When the temperature climbs to the triple digits and the dog days of summer settle upon you, chances are that you’ll crank up the thermostat in order to create the cool interior environment that will help you to beat the summer heat. Since most people don’t relish the idea of sitting around in damp clothing all day, sweating through the sheets all night, and generally presenting a soggy mess of melting humanity, air conditioning is an important part of surviving extreme summer weather conditions. The unfortunate side effect of turning your home into a virtual ice box is that you’re going to have to pay the piper when your monthly utility bills arrive. But with a few tips and tricks on your side you should be able to keep cool without spending an arm and a leg. Here are some suggestions to help you figure out how to appropriately set your thermostat during extreme hot weather.
- Follow Department of Energy guidelines. The department of energy recommends that during the summer months, homeowners should never set their thermostat lower than 78 Fahrenheit. This may sound rather warm, but when the temperature outside is up over 100, 78 should feel fantastically cool to you. In addition, however, you should know that every degree you raise the temperature increases your conservation and savings.
- Program appropriately. If you don’t yet have a programmable thermostat, now is the time to consider installing one, especially if you’re still relying on an old-school dial to set the temperature inside your home. With a programmable thermostat you can not only set the temperature accurately, but you can also create a schedule that accounts for any time you spend out of the household (when the family is at work, school, or away on vacation, for example) and the time you are in bed, asleep. When you adjust the thermostat accordingly for your absences, you can conserve energy and cut back on utility bills while still enjoying a cool environment when you’re at home and awake.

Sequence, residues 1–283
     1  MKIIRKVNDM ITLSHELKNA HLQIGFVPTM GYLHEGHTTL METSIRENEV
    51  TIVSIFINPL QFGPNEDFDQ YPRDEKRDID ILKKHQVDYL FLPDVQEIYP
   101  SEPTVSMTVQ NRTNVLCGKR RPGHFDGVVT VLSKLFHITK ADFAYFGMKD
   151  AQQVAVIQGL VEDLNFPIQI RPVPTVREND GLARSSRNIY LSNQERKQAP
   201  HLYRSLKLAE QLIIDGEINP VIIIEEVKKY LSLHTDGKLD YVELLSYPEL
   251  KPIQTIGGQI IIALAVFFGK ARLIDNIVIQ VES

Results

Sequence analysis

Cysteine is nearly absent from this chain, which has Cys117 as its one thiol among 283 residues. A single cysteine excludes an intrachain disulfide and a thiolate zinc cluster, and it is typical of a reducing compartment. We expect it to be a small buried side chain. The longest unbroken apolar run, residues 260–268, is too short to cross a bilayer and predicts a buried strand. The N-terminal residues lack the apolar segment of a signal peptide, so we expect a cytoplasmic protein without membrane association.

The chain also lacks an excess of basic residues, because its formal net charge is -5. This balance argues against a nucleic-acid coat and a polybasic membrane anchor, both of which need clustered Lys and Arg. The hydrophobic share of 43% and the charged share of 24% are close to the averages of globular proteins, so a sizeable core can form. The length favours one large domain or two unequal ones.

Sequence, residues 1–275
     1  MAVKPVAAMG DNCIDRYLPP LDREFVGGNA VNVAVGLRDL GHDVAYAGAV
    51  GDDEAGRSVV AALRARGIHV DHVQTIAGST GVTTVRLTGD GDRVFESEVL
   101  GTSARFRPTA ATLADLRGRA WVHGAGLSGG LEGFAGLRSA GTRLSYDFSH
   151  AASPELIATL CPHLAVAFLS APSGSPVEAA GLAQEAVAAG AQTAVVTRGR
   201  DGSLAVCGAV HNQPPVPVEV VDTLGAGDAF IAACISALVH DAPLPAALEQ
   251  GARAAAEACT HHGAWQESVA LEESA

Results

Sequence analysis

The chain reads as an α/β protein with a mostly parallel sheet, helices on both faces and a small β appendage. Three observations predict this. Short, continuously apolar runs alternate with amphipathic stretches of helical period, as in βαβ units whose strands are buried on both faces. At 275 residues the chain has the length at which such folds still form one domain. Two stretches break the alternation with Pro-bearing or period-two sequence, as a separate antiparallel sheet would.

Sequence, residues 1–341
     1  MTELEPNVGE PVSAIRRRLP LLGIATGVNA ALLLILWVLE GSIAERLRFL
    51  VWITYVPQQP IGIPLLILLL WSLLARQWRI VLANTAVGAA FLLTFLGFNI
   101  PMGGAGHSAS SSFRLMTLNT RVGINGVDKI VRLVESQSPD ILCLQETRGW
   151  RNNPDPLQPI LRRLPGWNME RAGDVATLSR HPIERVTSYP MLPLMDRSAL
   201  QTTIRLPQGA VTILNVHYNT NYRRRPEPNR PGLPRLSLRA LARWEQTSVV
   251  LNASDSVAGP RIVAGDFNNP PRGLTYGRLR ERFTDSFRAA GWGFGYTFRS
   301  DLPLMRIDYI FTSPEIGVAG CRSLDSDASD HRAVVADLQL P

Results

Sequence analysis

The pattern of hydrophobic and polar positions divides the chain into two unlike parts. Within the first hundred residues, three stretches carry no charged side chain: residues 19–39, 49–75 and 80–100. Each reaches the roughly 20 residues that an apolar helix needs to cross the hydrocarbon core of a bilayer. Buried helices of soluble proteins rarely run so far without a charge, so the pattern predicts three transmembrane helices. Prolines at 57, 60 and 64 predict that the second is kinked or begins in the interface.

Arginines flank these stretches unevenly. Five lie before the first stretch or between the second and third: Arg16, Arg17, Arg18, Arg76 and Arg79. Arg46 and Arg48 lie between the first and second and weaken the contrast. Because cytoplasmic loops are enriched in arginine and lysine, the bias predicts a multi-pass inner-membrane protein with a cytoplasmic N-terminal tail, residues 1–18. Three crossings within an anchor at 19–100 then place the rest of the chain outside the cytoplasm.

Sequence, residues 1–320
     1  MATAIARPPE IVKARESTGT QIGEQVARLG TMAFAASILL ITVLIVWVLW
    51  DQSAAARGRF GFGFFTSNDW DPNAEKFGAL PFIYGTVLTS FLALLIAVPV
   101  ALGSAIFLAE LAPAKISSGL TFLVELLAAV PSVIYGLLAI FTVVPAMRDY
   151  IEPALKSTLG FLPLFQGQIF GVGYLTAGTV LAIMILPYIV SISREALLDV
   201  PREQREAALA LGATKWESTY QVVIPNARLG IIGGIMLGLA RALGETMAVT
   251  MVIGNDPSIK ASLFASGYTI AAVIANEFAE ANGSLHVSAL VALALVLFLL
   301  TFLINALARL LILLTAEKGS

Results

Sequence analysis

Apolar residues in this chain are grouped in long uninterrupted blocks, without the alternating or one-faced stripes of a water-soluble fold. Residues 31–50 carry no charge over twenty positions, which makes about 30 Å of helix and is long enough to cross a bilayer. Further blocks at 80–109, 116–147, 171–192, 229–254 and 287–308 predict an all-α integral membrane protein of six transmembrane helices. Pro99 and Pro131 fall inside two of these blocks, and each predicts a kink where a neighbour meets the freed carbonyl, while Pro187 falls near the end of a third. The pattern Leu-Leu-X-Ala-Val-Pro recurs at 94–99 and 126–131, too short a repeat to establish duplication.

- Account for humidity. While humidity can be great for your skin, giving you a dewy glow, it definitely makes the air feel even hotter than it is. You can combat this to some degree with your central AC, but you might want to think about better ways to account for humidity than fiddling with the thermostat. For example, you might consider installing dehumidifiers around the house as a way to pull moisture from the air and decrease the feeling of sweltering heat in your home.
- Use fans. Many people harbor the misconception that fans cool the air. In fact, they merely push air around, whether it’s hot or cold. The cooling effect is produced by air moving across your skin, which accelerates your body’s natural cooling abilities. So use fans whenever possible, with the full realization that they have their limitations. This way you can temper your thermostat settings.
- Check your HVAC. Regardless of how you intend to control the temperature in your home, it’s imperative that you conduct annual inspections of your HVAC system to ensure that everything is working efficiently. You can go it alone with a few tutorials under your belt, but hiring a reputable company like http://www.keefes.com/ should make the process much easier, and produce better results, to boot.